Speaking specifically on tools – you need the type of tools that will (1) help you to be more organized and (2) help you to be more efficient. A good project/work management tool is huge, the right communications tool, and the tools that help you to easily collect insights. That’s why Kompyte is so great. Competitor insights are absolutely vital to the success of your business. If you don’t know what your competitors are doing you won’t know how to position your business and products against them so that you can communicate effectively the value that your business provides over your competitor’s business. In my role as a product marketer, it’s literally impossible for me to keep up with all the various types of insights and to adequately convey those insights to those that need them without having a tool like Kompyte to help me to do that. Great tools like Kompyte help me do more than I otherwise would be able to.

 

5. How has an insight-driven mindset to product marketing shaped your career experiences or projected path?

Being insights driven has changed everything for me. As a product marketer there can be a lot of pressure to effectively get products to market and to keep them there. The best way to ensure that you do this, is to be driven by insights. Having insights takes the guesswork out of things by allowing you to confidently build and launch products that solve problems. You can get insights in many different ways but it’s vital that you have them. Because I’m a bit of a data geek, I’ve always focused on deriving different types of insights throughout my career. However, I remember a shift in my career where I learned how to make insights more actionable, when that happened, I went from being a good product marketer to being a great product marketer.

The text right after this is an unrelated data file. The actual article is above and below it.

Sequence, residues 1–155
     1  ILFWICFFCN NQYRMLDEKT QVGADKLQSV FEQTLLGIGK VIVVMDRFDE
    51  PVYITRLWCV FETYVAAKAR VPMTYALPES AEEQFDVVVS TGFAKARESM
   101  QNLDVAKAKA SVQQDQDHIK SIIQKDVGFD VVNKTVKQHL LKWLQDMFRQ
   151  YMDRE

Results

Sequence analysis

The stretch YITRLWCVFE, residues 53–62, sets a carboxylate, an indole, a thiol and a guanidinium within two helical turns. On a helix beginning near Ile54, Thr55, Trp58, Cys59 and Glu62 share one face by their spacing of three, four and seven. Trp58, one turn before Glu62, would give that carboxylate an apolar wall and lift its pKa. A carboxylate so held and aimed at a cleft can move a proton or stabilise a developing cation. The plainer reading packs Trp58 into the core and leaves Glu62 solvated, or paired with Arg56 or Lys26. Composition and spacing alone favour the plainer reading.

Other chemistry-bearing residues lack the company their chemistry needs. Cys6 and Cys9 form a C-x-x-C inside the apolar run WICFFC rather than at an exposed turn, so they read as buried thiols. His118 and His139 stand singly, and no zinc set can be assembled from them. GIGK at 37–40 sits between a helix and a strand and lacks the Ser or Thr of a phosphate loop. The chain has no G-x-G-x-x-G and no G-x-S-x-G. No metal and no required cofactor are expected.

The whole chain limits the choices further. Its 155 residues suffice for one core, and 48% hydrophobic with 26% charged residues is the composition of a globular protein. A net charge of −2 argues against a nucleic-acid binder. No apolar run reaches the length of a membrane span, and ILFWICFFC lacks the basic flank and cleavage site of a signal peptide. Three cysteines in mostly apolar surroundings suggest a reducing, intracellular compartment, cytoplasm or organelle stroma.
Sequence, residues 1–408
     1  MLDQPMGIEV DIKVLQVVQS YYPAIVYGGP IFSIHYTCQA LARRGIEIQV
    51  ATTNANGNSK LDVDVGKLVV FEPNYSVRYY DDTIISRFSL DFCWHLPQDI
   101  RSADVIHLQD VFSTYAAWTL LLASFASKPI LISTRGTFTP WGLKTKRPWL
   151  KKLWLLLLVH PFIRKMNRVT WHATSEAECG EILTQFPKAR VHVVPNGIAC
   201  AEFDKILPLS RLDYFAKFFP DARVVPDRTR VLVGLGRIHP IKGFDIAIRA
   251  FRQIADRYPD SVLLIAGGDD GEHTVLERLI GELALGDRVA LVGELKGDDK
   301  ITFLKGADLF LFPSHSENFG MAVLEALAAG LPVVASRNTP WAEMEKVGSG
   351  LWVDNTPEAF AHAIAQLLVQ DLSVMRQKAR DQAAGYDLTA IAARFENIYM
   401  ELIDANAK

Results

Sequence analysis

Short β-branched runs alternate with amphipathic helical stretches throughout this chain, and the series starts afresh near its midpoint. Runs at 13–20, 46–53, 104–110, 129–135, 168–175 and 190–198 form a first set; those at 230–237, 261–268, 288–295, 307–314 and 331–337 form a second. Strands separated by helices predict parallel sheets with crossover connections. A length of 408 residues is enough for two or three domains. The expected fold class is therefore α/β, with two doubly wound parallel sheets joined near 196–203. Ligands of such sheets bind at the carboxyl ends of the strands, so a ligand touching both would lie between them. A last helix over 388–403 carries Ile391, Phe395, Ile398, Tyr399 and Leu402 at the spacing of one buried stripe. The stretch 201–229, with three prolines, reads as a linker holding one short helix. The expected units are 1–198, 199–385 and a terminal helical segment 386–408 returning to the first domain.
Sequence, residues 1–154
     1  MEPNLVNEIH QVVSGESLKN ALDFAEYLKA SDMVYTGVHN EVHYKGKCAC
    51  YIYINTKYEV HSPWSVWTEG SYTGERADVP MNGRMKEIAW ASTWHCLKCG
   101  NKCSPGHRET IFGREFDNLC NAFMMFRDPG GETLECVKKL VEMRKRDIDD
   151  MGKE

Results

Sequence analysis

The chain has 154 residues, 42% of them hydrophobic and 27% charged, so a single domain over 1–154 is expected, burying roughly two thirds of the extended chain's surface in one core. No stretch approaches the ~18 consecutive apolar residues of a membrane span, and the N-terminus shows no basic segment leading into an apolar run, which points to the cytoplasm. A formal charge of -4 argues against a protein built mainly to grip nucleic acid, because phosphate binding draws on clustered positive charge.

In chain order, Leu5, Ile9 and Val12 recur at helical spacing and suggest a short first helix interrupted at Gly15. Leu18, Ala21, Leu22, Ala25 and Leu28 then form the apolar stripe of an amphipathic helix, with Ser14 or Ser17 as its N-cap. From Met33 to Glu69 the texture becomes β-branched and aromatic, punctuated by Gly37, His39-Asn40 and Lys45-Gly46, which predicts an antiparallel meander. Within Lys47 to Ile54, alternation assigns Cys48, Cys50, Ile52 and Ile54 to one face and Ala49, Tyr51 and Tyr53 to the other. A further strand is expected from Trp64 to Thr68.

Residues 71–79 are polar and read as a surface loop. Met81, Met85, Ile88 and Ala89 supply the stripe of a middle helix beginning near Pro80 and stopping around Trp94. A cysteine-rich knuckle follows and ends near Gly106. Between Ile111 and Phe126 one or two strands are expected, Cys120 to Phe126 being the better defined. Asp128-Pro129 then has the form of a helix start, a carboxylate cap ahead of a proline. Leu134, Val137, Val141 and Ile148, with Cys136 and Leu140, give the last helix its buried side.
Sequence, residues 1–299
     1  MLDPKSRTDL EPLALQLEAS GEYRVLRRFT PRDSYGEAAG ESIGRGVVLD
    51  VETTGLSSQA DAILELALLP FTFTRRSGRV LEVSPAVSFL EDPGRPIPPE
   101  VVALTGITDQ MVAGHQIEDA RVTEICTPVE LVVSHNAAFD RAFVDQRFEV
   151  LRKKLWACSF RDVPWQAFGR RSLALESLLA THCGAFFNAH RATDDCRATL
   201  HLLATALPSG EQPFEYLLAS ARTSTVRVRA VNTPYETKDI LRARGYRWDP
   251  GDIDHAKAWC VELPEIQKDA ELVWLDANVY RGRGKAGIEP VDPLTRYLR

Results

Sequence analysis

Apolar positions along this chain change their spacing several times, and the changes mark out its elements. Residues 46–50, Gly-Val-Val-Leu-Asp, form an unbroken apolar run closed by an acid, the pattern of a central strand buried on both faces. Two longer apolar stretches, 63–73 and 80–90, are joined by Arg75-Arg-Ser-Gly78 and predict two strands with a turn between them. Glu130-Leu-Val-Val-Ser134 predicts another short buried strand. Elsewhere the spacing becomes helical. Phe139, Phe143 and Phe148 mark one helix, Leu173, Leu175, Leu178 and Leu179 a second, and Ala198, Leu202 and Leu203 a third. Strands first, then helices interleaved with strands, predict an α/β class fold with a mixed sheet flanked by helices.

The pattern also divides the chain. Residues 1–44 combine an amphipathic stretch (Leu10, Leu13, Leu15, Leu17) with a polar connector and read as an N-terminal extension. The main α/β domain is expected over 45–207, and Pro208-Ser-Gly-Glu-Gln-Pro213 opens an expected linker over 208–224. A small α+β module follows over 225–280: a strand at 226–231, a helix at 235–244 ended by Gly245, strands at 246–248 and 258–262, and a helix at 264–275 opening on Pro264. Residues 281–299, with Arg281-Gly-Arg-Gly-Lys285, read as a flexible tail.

There are a few things you can do to start shifting your mindset to become more insights driven:

  • (1) getting out of your seat and talking with others across your company,.
  • (2) being on calls with customers,.
  • (3) being on calls with Sales reps, Customer Success Managers, Support teams, and Product Managers,.
  • (4) send surveys,.
  • (5) look at all the data your business has,.
  • (6) watch people use your products,.
  • (7) read and subscribe to various different industry publications that show market trends,.
  • (8) watch what your competitors are doing. All of these things will help shift your mindset to be more data-driven and action oriented on those insights.

6. What best practices would you recommend for aspiring PMMs apply?

Piggy backing off of that last question, make sure that you are driven by insights. If you do this, you will be successful in your current role and you’ll be a successful PMM. In addition to that, really familiarize yourself with the various parts of the business. Because product marketing is so cross functional, it’s vital that you know how the various parts of the business work together so you know where and how to insert yourself to drive initiatives forward. There are a lot of aspects to product marketing that you need to know how to do well (writing, researching, leading initiatives, organization, launching products, etc.) but my advice would be, figure out what you’re great at. Each product marketer brings various strengths to the team – identify what your strength is and really lean into that. One of the best managers that I ever had helped me to identify what my strengths are and then he coached me on how to lean into my strengths. Not that you shouldn’t work on your weaknesses too, but really know your strengths. Your strengths will be why people hire you.